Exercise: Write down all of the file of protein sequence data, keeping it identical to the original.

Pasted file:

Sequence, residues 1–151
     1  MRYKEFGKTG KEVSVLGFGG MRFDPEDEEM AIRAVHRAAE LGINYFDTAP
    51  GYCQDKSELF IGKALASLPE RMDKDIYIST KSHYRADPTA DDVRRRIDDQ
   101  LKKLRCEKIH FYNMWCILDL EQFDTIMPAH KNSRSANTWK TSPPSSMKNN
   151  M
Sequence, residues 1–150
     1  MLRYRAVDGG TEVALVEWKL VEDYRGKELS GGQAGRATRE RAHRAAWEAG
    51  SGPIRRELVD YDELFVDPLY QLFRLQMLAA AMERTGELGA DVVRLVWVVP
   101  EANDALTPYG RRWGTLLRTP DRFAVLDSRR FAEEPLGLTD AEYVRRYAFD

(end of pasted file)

Sequence, residues 1–151
     1  MRYKEFGKTG KEVSVLGFGG MRFDPEDEEM AIRAVHRAAE LGINYFDTAP
    51  GYCQDKSELF IGKALASLPE RMDKDIYIST KSHYRADPTA DDVRRRIDDQ
   101  LKKLRCEKIH FYNMWCILDL EQFDTIMPAH KNSRSANTWK TSPPSSMKNN
   151  M
Sequence, residues 1–150
     1  MLRYRAVDGG TEVALVEWKL VEDYRGKELS GGQAGRATRE RAHRAAWEAG
    51  SGPIRRELVD YDELFVDPLY QLFRLQMLAA AMERTGELGA DVVRLVWVVP
   101  EANDALTPYG RRWGTLLRTP DRFAVLDSRR FAEEPLGLTD AEYVRRYAFD